‘Lucky fellow’ recalls his HMS Mourne mates on Remembrance Day

Peter Gate (centre, and with his wife Elizabeth to his left) reflects on his fallen mates. Picture: Chris Kershaw
Peter Gate (centre, and with his wife Elizabeth to his left) reflects on his fallen mates. Picture: Chris Kershaw

PETER Gate (88) served in the Royal Navy during World War II.

The Heathridge resident’s HMS Mourne helped protect the convoy involved in the Normandy landings in June 1944.

But the one-year-old escort ship was to fall victim to a German submarine about a week later, torpedoed in the English Channel.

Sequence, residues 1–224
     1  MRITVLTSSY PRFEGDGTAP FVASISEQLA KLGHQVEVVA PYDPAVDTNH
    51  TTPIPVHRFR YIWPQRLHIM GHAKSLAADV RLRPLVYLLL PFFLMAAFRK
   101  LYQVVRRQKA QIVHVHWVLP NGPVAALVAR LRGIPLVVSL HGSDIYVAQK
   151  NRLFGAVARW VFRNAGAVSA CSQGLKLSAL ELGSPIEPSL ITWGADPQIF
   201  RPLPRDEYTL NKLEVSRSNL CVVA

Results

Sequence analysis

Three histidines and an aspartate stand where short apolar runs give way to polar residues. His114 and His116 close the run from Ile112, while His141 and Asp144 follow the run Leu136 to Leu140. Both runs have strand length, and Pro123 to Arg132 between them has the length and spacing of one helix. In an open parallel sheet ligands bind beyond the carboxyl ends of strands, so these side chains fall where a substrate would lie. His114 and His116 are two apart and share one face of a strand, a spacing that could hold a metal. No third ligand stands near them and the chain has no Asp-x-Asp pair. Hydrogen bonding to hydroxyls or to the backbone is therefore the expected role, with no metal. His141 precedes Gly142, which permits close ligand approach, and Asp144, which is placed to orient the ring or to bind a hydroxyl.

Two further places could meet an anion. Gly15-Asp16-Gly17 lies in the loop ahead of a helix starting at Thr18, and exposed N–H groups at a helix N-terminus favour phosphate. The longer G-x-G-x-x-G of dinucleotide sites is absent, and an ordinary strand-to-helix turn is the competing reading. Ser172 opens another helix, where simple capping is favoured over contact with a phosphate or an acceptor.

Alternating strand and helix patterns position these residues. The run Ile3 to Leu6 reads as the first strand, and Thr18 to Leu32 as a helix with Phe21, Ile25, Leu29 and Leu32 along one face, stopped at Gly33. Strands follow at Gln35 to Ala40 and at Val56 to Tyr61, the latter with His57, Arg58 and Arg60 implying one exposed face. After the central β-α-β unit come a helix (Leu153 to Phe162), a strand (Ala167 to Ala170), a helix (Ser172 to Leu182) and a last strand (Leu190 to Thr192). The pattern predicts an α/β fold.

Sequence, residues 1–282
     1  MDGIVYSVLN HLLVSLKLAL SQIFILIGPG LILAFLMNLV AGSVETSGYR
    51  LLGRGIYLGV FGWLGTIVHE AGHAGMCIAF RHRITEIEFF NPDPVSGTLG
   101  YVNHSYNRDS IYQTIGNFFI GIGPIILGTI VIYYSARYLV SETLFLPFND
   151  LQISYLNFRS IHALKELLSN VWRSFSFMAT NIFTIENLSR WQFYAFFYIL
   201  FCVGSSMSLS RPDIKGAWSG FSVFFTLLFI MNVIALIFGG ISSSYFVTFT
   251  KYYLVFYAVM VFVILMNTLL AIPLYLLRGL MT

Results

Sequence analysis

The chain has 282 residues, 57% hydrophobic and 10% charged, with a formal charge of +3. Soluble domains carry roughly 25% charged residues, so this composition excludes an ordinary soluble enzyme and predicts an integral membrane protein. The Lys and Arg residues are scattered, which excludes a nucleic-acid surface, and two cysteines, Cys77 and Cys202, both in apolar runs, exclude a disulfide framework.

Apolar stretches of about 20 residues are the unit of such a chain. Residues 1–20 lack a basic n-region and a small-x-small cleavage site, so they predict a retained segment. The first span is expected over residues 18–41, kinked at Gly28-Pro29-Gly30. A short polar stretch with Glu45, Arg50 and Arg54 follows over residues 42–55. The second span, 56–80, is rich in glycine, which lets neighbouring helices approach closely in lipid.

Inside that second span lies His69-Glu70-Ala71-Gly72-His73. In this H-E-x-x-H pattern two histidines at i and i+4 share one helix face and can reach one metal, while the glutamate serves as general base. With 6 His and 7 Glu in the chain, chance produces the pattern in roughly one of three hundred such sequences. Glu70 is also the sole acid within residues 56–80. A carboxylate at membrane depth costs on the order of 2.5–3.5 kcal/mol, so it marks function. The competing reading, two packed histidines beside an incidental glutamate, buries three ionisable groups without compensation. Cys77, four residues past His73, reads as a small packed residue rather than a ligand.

‘It got sunk on the 15th of June, 1944, a week after D-Day,’ he told the Weekender after Tuesday’s Remembrance Day service at Central Park, Joondalup.

‘And 120 of me mates went down with it,’ he said, his voice catching.

There were survivors, as many as 30.

But Peter wasn’t among them because he was not on board that day. He was in hospital recovering from losing part of his fingers in an ammunition accident on the ship two weeks earlier.

“So I’m a lucky fellow,” he said.

His good fortune has extended to living the past 37 years in Heathridge with wife Elizabeth.

Who was he thinking of during Tuesday’s Wanneroo Joondalup RSL-City of Joondalup service?

“My mates,” he said. “And my uncle Ernest Harden; he was killed in the First World War.

“My mother left me his medals; he died on the 17th of August, 1917.

“So I remembered them all.”

See also Recollections of war